Have you ever seen that movie where this guy, I think he’s a doctor or an accountant or some other highly-successful guy from a good family, falls in love with this girl and they get engaged? And as they plan the wedding and his family meets her and everyone gets all excited she dumps him during a seemingly romantic weekend in New York
to run off with some guy she barely knows? Or maybe that TV show where the hard-working warehouse guy is in love with this gorgeous receptionist in the management office and he finally sets a date for their wedding. Only this douchebag sales guy has developed a “crush” on her and tells her and she calls the wedding off. All of a sudden poor warehouse guy is left heartbroken and alone. Forced to watch the love of his life pine over the richer, better looking sales guy who has now moved to New York
That movie, for those who didn’t realize it, is “Sleepless in Seattle.” Or “Breakfast at Tiffany’s.” Or, if you change a couple of details, every single movie John Cusak has ever appeared in. The TV show? That’s The Office. Only the perspective you get is form the “Destined-to-be-together” lovers who then live happily ever after and not the poor schmuck who got fucked over. But, sadly, nobody ever thinks about that poor guy who thought he had found the love of his life and lost her because she had some silly romantic notion. I saw “Wicked” a few weeks ago and it really drives home the point that history, and fiction too, are told from the perspective of the winners. So we just assume the losers went on to live happily ever after too, but I bet that is rarely the case.
I’m pretty sure the night Meg Ryan runs off with Tom Hanks, old Walter cranked out a vitriolic email calling her an immature bitch, a stupid whore, and a lot of other names not suitable for this family blog. I’m sure he immediately told his entire family and they all end up resenting her for calling off an expensive wedding. Then there is her alienating every mutual friend they had and pretty much being seen as a untrustworthy whore by most of their acquaintances. No wonder they moved to Seattle.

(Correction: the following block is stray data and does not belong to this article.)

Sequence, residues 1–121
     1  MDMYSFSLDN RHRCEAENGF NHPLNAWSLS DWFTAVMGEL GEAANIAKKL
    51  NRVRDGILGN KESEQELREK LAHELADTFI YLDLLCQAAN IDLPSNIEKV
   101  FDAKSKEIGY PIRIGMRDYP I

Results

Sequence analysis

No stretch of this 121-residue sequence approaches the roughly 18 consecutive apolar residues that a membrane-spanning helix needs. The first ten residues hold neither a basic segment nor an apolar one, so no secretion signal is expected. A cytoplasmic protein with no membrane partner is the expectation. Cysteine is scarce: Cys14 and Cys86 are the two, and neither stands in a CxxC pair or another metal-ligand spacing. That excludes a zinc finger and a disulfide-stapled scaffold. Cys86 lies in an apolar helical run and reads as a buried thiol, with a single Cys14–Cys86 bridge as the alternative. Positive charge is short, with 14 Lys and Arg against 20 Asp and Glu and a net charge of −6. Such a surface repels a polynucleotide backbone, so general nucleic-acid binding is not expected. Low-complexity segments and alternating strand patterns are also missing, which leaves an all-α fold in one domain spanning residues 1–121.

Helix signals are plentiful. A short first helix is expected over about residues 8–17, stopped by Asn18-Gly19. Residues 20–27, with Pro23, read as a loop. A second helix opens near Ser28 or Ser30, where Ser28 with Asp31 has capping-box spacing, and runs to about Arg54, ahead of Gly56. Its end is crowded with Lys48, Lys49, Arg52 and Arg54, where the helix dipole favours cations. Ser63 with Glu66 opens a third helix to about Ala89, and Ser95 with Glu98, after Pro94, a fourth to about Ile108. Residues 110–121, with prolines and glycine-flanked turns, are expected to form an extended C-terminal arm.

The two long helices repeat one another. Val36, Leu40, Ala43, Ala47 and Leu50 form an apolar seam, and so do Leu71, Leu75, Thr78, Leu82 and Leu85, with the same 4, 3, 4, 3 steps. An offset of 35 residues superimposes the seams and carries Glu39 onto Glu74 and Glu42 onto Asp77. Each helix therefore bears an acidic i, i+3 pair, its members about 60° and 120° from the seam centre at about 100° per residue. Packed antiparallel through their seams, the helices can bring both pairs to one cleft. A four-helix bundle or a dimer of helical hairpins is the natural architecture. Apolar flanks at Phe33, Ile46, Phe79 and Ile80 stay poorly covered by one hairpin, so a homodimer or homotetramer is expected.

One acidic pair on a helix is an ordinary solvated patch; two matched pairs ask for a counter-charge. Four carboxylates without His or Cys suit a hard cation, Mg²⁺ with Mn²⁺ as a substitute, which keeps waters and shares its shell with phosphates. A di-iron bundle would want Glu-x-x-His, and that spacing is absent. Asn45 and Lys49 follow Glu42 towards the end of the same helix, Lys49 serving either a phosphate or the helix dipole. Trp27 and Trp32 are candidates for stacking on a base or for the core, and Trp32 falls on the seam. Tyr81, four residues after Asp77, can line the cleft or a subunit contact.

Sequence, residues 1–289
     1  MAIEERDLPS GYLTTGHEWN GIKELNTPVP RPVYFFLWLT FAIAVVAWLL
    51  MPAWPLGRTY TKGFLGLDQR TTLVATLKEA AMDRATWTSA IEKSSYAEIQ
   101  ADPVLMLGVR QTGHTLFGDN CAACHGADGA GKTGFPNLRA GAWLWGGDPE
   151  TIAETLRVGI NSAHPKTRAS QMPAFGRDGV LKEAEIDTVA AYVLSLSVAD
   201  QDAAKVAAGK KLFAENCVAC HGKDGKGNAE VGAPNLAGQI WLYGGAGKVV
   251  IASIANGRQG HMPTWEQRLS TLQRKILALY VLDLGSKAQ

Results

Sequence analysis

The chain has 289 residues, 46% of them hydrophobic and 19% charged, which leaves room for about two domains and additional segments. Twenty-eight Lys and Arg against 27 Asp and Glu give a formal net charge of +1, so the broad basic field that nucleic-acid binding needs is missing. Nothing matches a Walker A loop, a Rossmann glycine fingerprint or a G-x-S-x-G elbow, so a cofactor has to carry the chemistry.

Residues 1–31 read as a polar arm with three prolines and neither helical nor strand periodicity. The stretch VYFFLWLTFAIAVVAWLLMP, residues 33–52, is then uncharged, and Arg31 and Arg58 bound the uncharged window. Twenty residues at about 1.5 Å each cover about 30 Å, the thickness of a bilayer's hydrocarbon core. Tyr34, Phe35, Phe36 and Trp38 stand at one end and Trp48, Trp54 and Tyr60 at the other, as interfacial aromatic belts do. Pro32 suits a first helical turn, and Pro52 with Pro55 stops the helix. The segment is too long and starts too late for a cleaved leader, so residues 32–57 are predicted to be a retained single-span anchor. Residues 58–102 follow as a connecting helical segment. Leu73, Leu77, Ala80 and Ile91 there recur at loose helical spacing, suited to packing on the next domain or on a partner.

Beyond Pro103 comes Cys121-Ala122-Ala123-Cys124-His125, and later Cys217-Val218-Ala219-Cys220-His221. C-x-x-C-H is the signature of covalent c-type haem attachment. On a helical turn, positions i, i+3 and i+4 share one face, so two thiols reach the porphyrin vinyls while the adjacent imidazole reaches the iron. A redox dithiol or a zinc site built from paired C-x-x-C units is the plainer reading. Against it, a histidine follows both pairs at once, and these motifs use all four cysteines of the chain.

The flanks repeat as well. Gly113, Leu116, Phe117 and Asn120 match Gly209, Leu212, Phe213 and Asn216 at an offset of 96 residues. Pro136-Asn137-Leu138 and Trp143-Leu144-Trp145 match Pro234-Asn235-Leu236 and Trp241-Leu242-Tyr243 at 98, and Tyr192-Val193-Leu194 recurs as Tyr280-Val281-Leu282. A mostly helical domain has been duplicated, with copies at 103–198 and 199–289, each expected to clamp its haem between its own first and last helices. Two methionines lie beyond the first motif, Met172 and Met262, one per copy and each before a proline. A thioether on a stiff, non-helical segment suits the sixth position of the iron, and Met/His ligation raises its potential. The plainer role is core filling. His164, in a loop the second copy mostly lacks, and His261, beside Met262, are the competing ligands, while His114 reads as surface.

Does anyone ever stop to think that the heroes and heroines in these romantic comedies are actually cheaters and men who do not respect someone else’s relationship? Of course not, because Hollywood likes to perpetuate that unrealistic myth of “soul mates” and “the one.” They like us to believe that love conquers all and that its okay to fuck someone over if it is to be with your “destiny.” Hey, newsflash, assholes. What this does is gives women everywhere justification for cheating. Nobody ever makes movies about guys who fuck around being destined for their mistresses, do they? Oh, no. That guy is always the bad guy. But the girl who flies across the country to see some total stranger when she is ENGAGED to someone else? She’s romantic. No, she’s actually worse because ultimately she is going to ruin somebody’s dreams.
John Cusak has shown men everywhere that if you love somebody, fuck that guy she’s seeing. You’re better for her than he is. No, pal, you’re not, You’ve just seen one too many John Cusak movies. But still you continue to pursue a girl who is already promised to somebody else, and then are shocked when she decides to actually go through with it and MARRY him. That’s how the real world works buddy. Sometimes people get married for reasons other than love, but it is their mistake to make. And that guy you are trying to get her to stand up at the altar? What has he ever done to you? I know you think this may be “true love,” but “true love” only exists in one place: John Cusak movies.
There is a reason Closer is my favorite movie. It is the only love story I have ever seen that actually portrays relationships in a realistic light: fragile, fleeting and ultimately destructive. The romantic male who tries to steal what he considers his “true love” ultimately gets fucked over by the husband and loses both women, and the romantic female ends up staying in a more or less unsatisfying marriage. It is the anti-Romantic Comedy. Or, as I like to call it, real life.
So the next time you start welling up in the last scene when the boring accountant gets left for the sympathetic hero, remember that that guy has feelings too. Remember that the illusion of “the one” is like the siren luring ships into the rocky shore: Once you realize it’s a fake you’ve pretty much lost everything you have. The sooner you stop believing in that nonsense the sooner you stop fucking people over. Because when you find out that the “one” was actually just the “37” you’ll have wasted a lot of time. And, more importantly, a lot of people.
Labels: Dating, ex-girlfriends, john cusack, Sex